'We are going to appeal,' Amazon Defense Coalition tells Raw
A judge in New York City ruled earlier this week that an Ecuador court's decision to hold the Chevron oil company liable for $9.5 billion in damages should be placed on hold.
The ruling freezes the landmark judgment until allegations by Chevron can be heard, forcing Ecuadorians to appeal to Ecuador courts for enforcement in countries where Chevron has assets.
The firm says it operates all over the world, but its website only lists the top 28 countries where they view their work as "more extensive."
U.S. District Judge Lewis Kaplan wrote that the decision had to be placed on hold because it would damage the oil company's reputation and standing with business partners.
"There is a significant risk that assets would be seized or attached, thus disrupting Chevron's supply chain, causing it to miss critical deliveries to business partners," he opined.
Chevron, the plaintiff in this case, had counter-sued the Ecuadorians who've been pursuing claims against the firm for the last 18 years. They claimed the Ecuadorians engaged in fraud, racketeering and conspiracy to wrongfully enrich themselves at the company's expense.
Enforcement of the Ecuadorian court's judgement is on hold until the oil company's allegations can be weighed in court.
"There is an overwhelming amount of evidence that demonstrates Chevron intentionally contaminated the rain forest," Karen Hinton, a spokeswoman for the Amazon Defense Coalition, told Raw Story.
"A high level of toxic, hazardous waste products remain in the soil and water and has caused harm to people's health, their lands and their culture."
She added that Ecuadorians had "a very good chance at success" at the appellate level.
"The judge in Ecuador wrote a detailed, thoughtful and thorough opinion about the lawsuit," she said. "It is 188 pages long, cites numerous laws, codes and regulations in Ecuador that justify his decision."
"We do not believe that Judge Kaplan had jurisdiction on this issue," Hinton continued. "This is the judgment of a sovereign nation's court system. We believe that once the appeal has run its course in Ecuador, the Ecuadorian lawyers can seek to enforce the judgment in any number of countries where Chevron has assets.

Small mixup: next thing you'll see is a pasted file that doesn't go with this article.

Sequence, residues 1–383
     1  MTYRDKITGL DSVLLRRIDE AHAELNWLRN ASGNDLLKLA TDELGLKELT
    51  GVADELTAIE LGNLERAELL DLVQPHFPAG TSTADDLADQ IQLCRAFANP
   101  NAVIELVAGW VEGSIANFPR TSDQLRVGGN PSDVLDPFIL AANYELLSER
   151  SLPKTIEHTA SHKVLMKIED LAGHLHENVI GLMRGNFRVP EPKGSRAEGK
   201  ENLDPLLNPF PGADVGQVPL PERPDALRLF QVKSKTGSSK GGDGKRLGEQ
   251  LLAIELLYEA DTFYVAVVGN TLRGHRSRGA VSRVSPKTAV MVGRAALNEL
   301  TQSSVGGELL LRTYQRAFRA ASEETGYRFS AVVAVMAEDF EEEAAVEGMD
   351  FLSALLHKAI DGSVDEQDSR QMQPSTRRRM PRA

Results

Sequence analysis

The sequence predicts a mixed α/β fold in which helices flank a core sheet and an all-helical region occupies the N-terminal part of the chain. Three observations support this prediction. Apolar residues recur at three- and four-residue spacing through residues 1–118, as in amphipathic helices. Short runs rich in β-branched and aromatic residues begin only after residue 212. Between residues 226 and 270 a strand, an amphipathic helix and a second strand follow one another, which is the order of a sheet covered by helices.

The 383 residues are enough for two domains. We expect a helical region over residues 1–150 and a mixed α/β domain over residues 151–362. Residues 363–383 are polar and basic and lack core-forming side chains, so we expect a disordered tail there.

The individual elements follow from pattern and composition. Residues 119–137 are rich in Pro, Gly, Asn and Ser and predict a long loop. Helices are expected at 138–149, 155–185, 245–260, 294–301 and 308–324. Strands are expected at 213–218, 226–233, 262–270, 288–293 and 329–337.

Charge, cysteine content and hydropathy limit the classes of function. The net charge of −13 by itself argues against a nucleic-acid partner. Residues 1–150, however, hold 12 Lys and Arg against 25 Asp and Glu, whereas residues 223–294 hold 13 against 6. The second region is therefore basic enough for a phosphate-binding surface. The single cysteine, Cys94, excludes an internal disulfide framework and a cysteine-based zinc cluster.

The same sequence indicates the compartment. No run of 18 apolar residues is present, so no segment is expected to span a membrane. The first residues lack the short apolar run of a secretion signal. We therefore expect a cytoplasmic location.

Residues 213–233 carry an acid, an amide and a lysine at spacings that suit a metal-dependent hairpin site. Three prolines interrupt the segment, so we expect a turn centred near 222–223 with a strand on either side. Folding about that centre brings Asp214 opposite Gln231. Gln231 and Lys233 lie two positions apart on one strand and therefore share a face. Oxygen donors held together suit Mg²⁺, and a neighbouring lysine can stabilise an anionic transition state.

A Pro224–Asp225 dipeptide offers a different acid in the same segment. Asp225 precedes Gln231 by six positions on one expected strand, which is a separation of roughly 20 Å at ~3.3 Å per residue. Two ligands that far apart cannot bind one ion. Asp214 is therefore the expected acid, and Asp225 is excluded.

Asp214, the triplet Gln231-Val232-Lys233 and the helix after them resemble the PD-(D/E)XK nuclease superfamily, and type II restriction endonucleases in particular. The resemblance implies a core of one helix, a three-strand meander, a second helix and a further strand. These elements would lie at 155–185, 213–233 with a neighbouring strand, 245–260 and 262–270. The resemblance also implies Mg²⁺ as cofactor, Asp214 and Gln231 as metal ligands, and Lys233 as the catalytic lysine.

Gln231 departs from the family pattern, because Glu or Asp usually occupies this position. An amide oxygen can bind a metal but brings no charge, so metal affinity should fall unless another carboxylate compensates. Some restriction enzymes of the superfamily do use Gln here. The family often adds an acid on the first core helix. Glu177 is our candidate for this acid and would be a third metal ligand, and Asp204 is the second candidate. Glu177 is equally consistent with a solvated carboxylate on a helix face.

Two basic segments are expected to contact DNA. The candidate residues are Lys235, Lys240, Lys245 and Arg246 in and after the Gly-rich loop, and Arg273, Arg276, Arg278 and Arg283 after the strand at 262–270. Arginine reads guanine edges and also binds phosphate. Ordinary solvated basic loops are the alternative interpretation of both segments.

"It is presumptuous of Judge Kaplan to think he has the authority to tell other judges in other countries what to do. We are going to appeal."
The case first began in 1993, when Ecuadorian plaintiffs accused Texaco of using unlined pits to store oil-drilling waste. A decade later, the case moved to Ecuador after Texaco was bought by Chevron.
The plaintiffs initially sought $113 billion in damages.
"The trampling of due process in the court's refusal to consider key evidence or hold a hearing to determine the facts is an inappropriate exercise of judicial power that will harm the United States' relationship with Latin America and other parts of the world," Hinton added in a media advisory.
"It disregards the scholarly and comprehensive 188-page opinion of Ecuadorian Judge Nicolas Zambrano, a well-respected member of Ecuador's judiciary. It also ignores key evidence that Chevron has committed a series of frauds in Ecuador to cover up its unlawful misconduct."
A call seeking comment from Chevron's public relations department was not returned at time of this story's publication. Hours later, a Chevron spokesman set over the following statement:
"Chevron deeply appreciates the order of the Southern District of New York. The Lago Agrio plaintiffs’ lawyers should not be allowed to benefit from an Ecuadorian judicial system that does not provide due process and from a judgment that they have procured through fraud and corruption."
The judge's complete decision was available online (PDF).
Image credit: advocacy group Chevron in Ecuador.